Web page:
“When you look at what Oubre did, when you look at what Porter did, and when you look at what Beal did, those are impressive numbers,” Brett Brown said.
Sunday was the latest display of Washington’s resilience in the absence of Wall. The Wizards’ record now stands at 9-3 since his surgery.
“He’s a huge part of the team,” Ben Simmons said of Wall, “but at the same time, they have an All-Star in Bradley Beal. You can’t really take anything away from them. They are a good team, they play together.”
Embiid Center of Attention
At this stage of Joel Embiid’s second season, it’s becoming more and more clear that the All-Star center will eventually reach his numbers, somehow, some way. He entered Sunday’s bout averaging 23.9 points and 11.2 rebounds per game, and finished the evening with 25 and 10, respectively.
Washington, though, seemed satisfied with its defensive efforts on the 7-footer. The Wizards wanted to make Embiid work, regardless of how he fared, and work is what they made him do.
Throughout the game, Washington frequently sent help when Embiid put the ball on the floor, and also relied on rugged veterans Marcin Gortat and Ian Mahinmi to guard the youngster.
“We wanted to do the best to make him take shots over the hand, and not get anything under the basket,” Washington coach Scott Brooks said. “He’s a load down there, and he gets position, and he fights for position. He has good footwork.”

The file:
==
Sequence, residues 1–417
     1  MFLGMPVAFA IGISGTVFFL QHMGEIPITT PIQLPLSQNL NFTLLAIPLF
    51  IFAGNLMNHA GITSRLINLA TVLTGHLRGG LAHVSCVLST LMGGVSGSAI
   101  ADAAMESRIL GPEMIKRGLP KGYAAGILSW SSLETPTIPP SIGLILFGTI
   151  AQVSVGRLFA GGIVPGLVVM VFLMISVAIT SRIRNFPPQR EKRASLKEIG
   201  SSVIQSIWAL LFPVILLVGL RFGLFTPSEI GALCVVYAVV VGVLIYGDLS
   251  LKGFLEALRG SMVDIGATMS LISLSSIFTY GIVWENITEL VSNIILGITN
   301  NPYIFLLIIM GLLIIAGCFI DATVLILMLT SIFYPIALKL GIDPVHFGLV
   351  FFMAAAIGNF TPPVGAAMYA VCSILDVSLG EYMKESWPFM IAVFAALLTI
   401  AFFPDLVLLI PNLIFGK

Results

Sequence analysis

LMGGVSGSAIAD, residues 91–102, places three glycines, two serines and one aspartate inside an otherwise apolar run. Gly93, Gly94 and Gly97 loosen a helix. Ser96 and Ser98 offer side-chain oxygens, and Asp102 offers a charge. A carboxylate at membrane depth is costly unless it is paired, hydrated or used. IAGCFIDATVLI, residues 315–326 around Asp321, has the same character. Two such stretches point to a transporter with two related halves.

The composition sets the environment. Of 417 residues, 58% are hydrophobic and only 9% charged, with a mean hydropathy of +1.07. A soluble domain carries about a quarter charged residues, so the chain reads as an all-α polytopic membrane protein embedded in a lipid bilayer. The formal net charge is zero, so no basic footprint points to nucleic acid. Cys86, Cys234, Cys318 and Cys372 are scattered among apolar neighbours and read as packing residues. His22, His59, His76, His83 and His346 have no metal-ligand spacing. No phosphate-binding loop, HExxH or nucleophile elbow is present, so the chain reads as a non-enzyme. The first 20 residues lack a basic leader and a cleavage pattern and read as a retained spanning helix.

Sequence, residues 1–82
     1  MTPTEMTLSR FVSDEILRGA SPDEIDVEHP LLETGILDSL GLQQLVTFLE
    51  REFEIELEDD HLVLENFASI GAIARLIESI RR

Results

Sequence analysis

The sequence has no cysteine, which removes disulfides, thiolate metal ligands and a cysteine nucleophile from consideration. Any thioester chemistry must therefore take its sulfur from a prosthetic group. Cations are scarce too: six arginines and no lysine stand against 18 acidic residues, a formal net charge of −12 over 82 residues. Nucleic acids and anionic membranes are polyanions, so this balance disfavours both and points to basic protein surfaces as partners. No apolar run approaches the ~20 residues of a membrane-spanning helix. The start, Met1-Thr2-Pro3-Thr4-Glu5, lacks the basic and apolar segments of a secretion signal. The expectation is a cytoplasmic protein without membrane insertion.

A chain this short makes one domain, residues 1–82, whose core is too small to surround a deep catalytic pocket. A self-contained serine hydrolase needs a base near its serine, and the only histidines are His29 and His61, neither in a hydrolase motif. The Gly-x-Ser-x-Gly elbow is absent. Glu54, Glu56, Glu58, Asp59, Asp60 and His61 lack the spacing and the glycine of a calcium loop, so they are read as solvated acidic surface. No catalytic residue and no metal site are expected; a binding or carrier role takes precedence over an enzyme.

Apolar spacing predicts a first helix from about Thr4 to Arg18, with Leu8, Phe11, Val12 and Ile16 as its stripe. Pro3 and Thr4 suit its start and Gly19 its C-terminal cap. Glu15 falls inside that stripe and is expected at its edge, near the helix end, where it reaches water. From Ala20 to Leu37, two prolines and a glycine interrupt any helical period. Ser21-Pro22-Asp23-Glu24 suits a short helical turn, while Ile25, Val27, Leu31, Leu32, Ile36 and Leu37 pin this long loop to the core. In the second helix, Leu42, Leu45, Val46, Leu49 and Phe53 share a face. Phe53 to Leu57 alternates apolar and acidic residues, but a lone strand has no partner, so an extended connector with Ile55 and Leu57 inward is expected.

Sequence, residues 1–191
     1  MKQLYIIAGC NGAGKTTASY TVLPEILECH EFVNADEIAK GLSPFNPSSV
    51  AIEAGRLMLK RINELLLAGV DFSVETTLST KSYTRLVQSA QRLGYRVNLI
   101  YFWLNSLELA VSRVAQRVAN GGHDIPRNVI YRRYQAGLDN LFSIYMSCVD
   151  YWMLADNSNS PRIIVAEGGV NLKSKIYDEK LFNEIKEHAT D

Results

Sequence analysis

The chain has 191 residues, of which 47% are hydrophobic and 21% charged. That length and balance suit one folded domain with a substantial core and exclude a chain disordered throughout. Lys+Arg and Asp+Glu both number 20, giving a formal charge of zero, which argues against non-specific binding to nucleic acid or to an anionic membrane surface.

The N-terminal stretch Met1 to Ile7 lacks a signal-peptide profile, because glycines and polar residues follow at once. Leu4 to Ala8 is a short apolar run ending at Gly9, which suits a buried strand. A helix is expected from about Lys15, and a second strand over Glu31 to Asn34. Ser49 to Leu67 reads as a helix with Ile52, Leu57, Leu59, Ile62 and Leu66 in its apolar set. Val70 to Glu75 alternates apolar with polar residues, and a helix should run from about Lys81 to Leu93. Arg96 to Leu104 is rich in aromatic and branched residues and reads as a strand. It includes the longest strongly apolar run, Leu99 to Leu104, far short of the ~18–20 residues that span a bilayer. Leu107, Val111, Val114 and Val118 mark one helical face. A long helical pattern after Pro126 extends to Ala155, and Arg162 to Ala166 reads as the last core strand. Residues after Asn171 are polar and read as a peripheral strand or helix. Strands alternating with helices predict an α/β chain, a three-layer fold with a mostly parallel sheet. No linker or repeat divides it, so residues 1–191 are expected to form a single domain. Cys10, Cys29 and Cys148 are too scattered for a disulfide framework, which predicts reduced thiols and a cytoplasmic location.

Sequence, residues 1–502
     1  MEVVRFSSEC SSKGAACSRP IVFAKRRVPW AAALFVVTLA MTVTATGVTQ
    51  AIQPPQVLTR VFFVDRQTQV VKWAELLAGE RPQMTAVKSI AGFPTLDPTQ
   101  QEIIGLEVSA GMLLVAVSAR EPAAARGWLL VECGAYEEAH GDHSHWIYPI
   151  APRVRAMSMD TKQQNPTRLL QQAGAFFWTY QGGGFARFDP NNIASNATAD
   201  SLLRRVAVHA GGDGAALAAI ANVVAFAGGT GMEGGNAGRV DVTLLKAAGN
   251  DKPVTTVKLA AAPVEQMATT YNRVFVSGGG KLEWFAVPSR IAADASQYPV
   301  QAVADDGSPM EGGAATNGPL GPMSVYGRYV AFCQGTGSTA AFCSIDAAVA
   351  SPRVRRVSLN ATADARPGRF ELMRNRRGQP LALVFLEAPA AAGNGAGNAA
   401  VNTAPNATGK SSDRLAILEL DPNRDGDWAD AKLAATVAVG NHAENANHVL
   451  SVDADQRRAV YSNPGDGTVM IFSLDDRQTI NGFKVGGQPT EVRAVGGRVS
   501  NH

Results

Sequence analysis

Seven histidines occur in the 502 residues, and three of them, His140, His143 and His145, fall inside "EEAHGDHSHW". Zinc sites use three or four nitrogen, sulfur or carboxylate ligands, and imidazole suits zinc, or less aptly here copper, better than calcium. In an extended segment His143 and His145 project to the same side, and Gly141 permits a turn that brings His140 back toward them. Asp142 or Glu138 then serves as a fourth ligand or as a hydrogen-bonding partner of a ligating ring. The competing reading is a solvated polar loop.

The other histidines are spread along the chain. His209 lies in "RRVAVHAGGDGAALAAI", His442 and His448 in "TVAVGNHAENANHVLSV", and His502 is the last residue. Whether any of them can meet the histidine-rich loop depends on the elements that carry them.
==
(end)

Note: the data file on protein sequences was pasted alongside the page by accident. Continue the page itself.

As hard as Embiid battled, especially late in Sunday’s game, he had trouble getting into a rhythm.
Bradley Beal said it was imperative for the Wizards to put Embiid under duress.
“Had to. Had to work for every last one of [his baskets]. We were physical with him, got him off his spot. Even when he caught it down low, we had active hands. For the most part, we did a great job of defending him.”
Over the course a seven-game winning streak that reached its end Sunday in Washington, the Sixers took care of business at home. Six of their victories during the surge came at The Center.
Counting their visit to the nation’s capital, the Sixers will spend seven of their next eight games on the road. The team understands it will need to adjust to changing scenery.
“The last two weeks, we talked all the time about home court advantage, and how it is important to finish with wins at home, how it is important after the Eagles [winning the Super Bowl], after that kind of energy to use it and play at home,” said Dario Saric. “Now that we are away, we need to focus. We need to play away games, too. That is part of the NBA. I hope we will understand how to play, and next game be ready to beat Miami.”
This second-quarter slam from Ben Simmons was certainly a vicious one, but it was Dario Saric who was responsible for making the play happen. The Croatian gave up the body to keep the Sixers’ possession alive, and his point man reaped the rewards.
The Homie with the save, Ben with the jam. pic.twitter.com/XWqZlJtKxx
— Philadelphia 76ers (@sixers) February 26, 2018
A three-game road trip against Eastern Conference peers also bidding for playoff positioning continues Tuesday in Miami, where the Sixers will go up against the Heat for the third time in less than a month. As of Sunday, Miami was eighth in the standings, 2.5 games behind the Sixers. The Sixers bested the Heat 103-97 on February 2nd, then erased a 24-point margin for an impressive 104-102 come-from-behind Valentine’s Day victory. The Sixers and Miami will link up for a fourth and final time March 8th, also at American Airlines Arena.